Jones family photo

The Peterstown Jones family, comprised of 17 children, achieved international fame in the early 20th century for unearthing the largest alluvial diamond in North America.

PETERSTOWN — For a generation who may be unaware of the story, a family in Peterstown achieved national and international fame in the 1940s for two unrelated reasons.

The first was for unearthing by chance the largest alluvial diamond ever discovered in North America in Peterstown in 1928.

No one still knows the origin of the diamond and its whereabouts today also remains a mystery.

Called the Jones Diamond, Punch Jones Diamond and the Horseshoe Diamond, the 34.48 carat blue-white rare gem was found during a horseshoe game being played by Grover Cleveland Jones and his 12-year-old son, William “Punch” Jones in their yard near a creek (Rich Creek).

Not knowing what it was when Punch Jones’ throw revealed it in the dirt, they thought the beautiful stone was probably a piece of quartz, and the diamond was placed in a cigar box where it remained for 14 years.

According to various sources, Punch Jones eventually took the diamond to Virginia Tech to show it to a geology professor, Dr. Roy J. Holden, in 1943 and that is when the authentication was made.

The diamond measures 5/8 of an inch across with 12 diamond-shaped faces.

Holden, in an article on Appalachian History’s website, speculated that due to its “carry impact marks” and the size of the stone it had probably been washed down the New River into Rich Creek from a source in Virginia, North Carolina or Tennessee.

Other theories included it became embedded in the foot of an elephant in Africa and that elephant eventually was part of a circus that visited Peterstown.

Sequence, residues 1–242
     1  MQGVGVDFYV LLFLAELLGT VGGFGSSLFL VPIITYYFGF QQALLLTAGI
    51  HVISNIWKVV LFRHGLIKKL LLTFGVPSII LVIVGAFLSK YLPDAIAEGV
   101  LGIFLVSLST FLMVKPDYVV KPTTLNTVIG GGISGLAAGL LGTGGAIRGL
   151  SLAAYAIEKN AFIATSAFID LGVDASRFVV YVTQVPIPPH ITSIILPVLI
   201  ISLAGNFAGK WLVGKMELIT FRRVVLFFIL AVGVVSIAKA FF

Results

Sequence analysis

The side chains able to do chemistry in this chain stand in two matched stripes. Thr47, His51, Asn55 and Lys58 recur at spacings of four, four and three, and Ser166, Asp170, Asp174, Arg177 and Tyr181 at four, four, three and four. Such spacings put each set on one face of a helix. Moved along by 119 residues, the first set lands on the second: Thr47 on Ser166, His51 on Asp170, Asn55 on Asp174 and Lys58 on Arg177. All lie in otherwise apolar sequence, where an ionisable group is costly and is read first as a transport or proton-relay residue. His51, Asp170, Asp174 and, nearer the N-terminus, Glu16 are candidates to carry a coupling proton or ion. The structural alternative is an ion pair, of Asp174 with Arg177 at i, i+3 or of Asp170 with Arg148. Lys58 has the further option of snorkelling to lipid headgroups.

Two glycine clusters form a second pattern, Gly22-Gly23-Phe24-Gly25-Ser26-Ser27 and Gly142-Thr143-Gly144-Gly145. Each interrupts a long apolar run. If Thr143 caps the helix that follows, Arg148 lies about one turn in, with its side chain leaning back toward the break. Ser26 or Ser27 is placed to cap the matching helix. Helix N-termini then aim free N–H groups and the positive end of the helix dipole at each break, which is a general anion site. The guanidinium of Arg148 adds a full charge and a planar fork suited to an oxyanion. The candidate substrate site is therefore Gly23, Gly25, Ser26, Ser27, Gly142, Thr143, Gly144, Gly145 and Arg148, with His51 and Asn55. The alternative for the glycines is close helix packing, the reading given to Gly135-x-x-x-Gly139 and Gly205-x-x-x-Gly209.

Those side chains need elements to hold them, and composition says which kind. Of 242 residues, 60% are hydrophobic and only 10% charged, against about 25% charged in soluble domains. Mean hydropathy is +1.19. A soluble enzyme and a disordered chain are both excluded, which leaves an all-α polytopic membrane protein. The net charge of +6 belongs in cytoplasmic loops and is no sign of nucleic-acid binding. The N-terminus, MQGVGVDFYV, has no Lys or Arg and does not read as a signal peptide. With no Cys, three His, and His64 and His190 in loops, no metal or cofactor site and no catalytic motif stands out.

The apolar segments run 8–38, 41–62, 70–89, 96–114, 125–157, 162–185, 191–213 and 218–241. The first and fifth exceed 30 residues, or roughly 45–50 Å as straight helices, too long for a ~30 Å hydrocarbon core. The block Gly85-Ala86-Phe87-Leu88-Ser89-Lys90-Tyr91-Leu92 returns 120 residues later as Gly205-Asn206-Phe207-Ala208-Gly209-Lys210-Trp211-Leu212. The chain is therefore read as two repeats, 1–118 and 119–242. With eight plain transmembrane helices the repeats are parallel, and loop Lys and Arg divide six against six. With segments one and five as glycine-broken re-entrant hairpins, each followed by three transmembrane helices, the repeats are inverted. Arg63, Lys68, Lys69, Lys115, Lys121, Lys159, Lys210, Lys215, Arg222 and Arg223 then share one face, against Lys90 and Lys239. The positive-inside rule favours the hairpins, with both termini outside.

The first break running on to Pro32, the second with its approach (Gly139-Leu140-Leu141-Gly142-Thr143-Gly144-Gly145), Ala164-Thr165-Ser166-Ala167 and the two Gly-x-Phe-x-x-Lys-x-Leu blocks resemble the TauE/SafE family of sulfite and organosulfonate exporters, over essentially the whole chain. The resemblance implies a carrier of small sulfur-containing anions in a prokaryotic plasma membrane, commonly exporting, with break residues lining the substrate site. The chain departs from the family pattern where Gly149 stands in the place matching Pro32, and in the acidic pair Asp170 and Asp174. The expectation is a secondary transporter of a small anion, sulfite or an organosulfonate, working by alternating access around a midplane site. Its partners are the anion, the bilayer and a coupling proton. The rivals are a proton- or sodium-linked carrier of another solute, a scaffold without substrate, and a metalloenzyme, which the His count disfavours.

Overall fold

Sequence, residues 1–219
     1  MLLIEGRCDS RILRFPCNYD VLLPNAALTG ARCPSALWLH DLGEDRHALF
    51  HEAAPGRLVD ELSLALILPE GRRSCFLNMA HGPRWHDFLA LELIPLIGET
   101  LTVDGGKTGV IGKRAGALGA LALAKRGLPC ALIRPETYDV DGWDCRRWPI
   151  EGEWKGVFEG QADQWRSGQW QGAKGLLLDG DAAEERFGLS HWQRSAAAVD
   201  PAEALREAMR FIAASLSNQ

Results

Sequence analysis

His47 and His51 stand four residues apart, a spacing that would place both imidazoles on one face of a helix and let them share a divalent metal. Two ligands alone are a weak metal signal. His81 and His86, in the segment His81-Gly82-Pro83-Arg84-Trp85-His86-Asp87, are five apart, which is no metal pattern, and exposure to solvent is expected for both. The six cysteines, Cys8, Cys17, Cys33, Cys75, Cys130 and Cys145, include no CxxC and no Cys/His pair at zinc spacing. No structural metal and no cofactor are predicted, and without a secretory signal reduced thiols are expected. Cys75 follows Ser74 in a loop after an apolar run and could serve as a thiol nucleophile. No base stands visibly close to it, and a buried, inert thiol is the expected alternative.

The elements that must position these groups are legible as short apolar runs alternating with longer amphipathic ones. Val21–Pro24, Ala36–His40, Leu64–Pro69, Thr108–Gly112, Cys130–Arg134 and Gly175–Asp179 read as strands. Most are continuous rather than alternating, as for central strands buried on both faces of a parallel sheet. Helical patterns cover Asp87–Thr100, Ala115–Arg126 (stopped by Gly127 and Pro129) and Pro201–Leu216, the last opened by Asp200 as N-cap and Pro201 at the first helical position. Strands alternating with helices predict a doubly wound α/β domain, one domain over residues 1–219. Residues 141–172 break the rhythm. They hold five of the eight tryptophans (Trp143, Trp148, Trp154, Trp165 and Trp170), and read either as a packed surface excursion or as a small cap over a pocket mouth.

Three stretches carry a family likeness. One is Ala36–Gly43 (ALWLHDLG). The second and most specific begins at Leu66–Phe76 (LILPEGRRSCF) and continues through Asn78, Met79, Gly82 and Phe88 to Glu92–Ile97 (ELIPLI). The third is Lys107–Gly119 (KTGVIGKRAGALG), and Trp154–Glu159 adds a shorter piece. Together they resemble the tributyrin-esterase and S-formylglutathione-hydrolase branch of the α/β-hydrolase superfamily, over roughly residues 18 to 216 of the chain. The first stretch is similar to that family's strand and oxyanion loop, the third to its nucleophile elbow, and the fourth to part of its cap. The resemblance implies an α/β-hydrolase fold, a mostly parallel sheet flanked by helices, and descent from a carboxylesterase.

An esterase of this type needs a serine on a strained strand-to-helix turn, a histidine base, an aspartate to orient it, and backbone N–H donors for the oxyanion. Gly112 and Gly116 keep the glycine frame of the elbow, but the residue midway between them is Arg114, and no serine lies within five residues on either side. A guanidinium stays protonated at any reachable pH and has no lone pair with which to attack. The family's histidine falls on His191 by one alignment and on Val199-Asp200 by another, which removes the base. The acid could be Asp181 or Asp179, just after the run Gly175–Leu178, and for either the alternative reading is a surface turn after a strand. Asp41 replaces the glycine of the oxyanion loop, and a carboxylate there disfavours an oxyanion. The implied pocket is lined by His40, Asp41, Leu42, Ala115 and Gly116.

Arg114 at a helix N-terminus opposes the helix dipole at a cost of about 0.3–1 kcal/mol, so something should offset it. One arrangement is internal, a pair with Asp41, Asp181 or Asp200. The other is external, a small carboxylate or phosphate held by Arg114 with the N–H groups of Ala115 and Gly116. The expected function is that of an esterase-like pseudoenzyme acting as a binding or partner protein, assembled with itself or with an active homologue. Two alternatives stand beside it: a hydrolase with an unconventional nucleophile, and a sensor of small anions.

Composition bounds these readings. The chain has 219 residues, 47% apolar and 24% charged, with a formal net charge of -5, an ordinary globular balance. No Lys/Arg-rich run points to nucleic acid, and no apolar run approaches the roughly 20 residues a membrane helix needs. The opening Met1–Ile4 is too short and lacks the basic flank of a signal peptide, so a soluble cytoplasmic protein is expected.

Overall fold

Punch Jones was killed in combat in WWII in 1945 so the diamond’s fate rested with Grover Jones and his wife Grace.

Jones, who was a school teacher in Monroe County, initially approved the loan of the gem to the Smithsonian Institute in Washington, D.C. where it was on display for many years before he returned it to Peterstown in 1964 and placed it in a safe deposit box at First Valley Bank in Rich Creek.

He never sold it, but Jones passed away in 1976 and one of the sons sold the diamond at Sotheby’s auction house in New York in 1984. Although the official price was debated, it was reported to be about $75,000 ($200,000 in today’s economy).

Pam Jackson, president of the Peterstown Preservation Group, said she thinks someone from South Korea bought the diamond but no one knows for sure or where it is now.

Jackson said the diamond and its fate apparently created a lot of controversy and, according to an article on Appalachian History’s website, Grace Jones, who died in 1992, once said:

“I wish they’d a threw it in the New River sometimes.”

Although the Jones family received a lot of national attention about the diamond, they also became famous for something entirely different, and even made Ripley’s Believe It Or Not.

Grover Jones and his wife Grace set a record with having 15 consecutive sons.

In fact, in 1940 his family was invited to the New York World’s Fair and had dinner with Pres. Franklin Delano Roosevelt.

According to an Associated Press story at the time, the 15th son was born in Narrows, Va. when Grover Jones was 29 and his oldest child was 22.

Dr. M.C. Newton delivered the 15th son and  said he was informed by the U.S. Department of Vital Statistics that Mrs. Jones had set a record with the birth of her 12th consecutive son.

The AP report said the Mrs. Jone was asked if she wanted any more  children and she replied: “Well, I wouldn’t want to give up any that we have now.”

But the 15th was not to be the last.

Jackson said Jones and his wife had one more son to make it 16.

“They finally had a girl (17 in all) and that was the last one,” she said.

Members of the family could not be contacted for comment about the fame.

A history marker about the diamond is located in Peterstown at the corner of Market and Sycamore streets.

— Contact Charles Boothe at

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